GM is fixable. The question is whether they have the courage to act.

  • Report this Comment On December 03, 2009, at 11:18 PM, weirjf wrote:

    To fix GM, some radical steps will have to take place:

    (not in order of importance, all are essential)

    1- GM needs to realize that a car (for the average citizen) is the second largest purchase that an individual makes, after a house. The company should focus on designing vehicles that aren't just eye pleasing and fuel efficient, but easier to perform routine maintenance on in a world where people may and will have less disposable income.

    2- Reduce the disproportionate size of GM's overhead (firing excess bureaucracy) to that of the smaller entity it has become; including its pay scale, from board of directors down to factory workers.

    3- Design AND build new cars that compete fiscally and functionally with today's top sellers. Going back to basics (Form follows function and K.I.S.S.). Integrating technologies that not only are in wide use now, but will be coming down the line in the near future. And not just for personal devices or for what is directly used in the cabin, but drive-train configurations that are congruent with fun and economy i.e. efficiency.

    4- Cutting costs and re-prioritizing others. Advertising campaigns should be reduced to short and to the point ads featuring the cars themselves and their attributes, not distractions from celebrity endorsements or comparisons to other car companies. The consumer is your best advocate if you build a quality product; which is why money saved by drastically reducing advertising would be poured into R&D. Adding value by standardizing more features and reducing the cost of accessories, either by producing them in-house or developing closer trade ties with distributors. Fixed costs can be reduced by more tightly controlling primary, secondary and tertiary costs. Tertiary costs can be easily be reduced by getting rid of any and all labor unions (in conjunction with reduced management).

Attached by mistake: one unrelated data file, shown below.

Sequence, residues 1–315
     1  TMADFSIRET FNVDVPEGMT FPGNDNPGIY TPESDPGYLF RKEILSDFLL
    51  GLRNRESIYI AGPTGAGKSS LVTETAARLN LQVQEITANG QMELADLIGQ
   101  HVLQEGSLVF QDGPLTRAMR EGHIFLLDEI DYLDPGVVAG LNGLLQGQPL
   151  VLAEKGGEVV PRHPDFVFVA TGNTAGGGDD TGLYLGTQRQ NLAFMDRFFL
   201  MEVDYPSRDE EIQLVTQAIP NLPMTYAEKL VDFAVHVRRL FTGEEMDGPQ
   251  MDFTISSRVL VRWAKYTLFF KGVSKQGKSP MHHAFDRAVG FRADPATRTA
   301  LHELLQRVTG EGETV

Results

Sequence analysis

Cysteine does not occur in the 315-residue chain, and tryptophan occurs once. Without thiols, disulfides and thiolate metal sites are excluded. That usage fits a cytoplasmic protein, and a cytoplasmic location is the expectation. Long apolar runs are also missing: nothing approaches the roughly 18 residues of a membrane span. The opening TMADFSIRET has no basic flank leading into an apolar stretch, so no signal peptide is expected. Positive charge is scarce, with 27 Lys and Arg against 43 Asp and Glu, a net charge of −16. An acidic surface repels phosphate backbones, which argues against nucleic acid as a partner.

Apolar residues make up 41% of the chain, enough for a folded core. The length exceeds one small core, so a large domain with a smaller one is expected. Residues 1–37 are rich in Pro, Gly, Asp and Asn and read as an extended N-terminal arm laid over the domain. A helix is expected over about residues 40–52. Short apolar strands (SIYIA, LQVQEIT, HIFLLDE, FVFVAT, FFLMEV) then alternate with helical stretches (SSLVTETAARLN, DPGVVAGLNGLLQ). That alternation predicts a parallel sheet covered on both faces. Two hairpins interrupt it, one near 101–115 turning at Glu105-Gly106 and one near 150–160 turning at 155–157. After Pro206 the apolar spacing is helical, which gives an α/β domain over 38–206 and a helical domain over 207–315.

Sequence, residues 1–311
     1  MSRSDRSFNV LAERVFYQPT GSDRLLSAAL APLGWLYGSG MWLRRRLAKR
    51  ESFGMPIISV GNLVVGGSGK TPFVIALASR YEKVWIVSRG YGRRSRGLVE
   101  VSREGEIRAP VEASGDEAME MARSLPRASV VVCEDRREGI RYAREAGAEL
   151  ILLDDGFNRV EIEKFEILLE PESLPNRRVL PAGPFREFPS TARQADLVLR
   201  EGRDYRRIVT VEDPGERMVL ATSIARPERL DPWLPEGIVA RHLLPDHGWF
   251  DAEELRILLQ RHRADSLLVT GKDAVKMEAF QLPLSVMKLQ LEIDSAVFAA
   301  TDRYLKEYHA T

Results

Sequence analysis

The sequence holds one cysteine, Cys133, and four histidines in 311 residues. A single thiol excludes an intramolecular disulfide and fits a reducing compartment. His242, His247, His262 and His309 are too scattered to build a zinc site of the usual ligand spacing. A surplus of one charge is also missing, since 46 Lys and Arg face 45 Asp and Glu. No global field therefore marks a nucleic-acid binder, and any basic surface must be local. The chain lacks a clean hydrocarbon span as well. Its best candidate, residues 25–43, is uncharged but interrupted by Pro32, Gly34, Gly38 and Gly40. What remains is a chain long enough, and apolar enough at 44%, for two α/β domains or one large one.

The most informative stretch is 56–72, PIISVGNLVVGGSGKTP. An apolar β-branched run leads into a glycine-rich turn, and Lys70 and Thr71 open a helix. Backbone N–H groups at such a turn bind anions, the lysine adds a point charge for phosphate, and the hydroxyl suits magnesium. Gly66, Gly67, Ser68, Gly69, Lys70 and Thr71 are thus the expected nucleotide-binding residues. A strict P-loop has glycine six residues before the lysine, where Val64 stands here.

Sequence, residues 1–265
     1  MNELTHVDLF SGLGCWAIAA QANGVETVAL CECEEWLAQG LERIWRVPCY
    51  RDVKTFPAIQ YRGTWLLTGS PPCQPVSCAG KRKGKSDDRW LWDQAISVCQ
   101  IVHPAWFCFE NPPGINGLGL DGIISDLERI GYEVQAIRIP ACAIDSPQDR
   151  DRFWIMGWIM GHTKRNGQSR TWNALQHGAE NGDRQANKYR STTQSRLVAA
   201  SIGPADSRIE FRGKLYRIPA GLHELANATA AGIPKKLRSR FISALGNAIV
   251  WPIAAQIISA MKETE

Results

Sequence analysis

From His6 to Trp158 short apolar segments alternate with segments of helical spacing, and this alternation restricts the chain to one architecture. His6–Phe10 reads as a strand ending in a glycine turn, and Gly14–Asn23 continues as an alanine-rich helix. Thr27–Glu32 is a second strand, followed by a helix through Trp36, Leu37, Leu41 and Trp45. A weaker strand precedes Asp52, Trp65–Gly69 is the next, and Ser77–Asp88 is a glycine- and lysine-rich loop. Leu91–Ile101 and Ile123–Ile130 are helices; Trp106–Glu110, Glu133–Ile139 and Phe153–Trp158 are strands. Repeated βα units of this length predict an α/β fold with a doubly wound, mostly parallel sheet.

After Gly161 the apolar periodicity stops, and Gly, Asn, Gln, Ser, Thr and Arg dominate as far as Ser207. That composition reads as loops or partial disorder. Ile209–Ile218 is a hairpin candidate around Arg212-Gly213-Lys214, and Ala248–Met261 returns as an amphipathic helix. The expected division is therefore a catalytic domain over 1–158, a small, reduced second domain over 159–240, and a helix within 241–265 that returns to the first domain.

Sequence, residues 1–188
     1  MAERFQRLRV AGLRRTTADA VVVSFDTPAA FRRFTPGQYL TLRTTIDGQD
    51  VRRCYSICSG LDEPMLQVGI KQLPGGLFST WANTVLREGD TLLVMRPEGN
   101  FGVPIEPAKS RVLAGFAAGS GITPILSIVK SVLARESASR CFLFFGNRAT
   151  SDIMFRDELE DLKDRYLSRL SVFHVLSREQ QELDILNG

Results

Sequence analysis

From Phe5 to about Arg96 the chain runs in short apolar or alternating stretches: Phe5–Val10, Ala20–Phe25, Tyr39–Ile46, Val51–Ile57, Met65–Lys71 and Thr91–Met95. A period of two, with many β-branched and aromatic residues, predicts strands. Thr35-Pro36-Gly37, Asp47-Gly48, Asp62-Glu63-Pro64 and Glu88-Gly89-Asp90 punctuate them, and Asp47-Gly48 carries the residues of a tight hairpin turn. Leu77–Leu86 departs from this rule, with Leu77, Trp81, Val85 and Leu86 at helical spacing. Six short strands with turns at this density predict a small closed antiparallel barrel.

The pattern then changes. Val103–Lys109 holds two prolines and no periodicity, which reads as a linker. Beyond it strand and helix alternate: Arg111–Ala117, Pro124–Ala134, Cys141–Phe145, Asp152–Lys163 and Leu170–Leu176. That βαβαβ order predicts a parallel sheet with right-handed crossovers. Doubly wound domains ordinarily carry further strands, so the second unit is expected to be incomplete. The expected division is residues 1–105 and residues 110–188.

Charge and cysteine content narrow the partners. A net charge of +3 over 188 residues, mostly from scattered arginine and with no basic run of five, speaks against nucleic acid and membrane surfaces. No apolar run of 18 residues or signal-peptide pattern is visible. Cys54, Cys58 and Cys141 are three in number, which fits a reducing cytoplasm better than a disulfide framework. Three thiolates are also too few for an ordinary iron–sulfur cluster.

(Over 250, but a few extra words pales in comparison to GM's problems at the moment)

  • Report this Comment On December 03, 2009, at 11:44 PM, weirjf wrote:

    GM should:

    1- Reduce overhead. Cut through bureaucracy and reduce its staff to match its shrinking market size, from corporate down to production line. Reduce primary, secondary and tertiary costs through closer ties with suppliers of raw materials or becoming its own supplier (owning supply chain) and getting rid of labor unions, respectively.

    2- Implement and standardize new technologies that work, integrating them with tried and true hardware while getting rid of ones that cheapen the brand and drive customers away: such as dumping the base automatic 4-speed (not good) up to a durable 5 or 6 speed manual. Build fuel efficient vehicles that work and that the average consumer can afford; possibly beating Toyota at its own game with a direct injection gasoline-electric, diesel-electric or multifuel-electric motor coupled platform.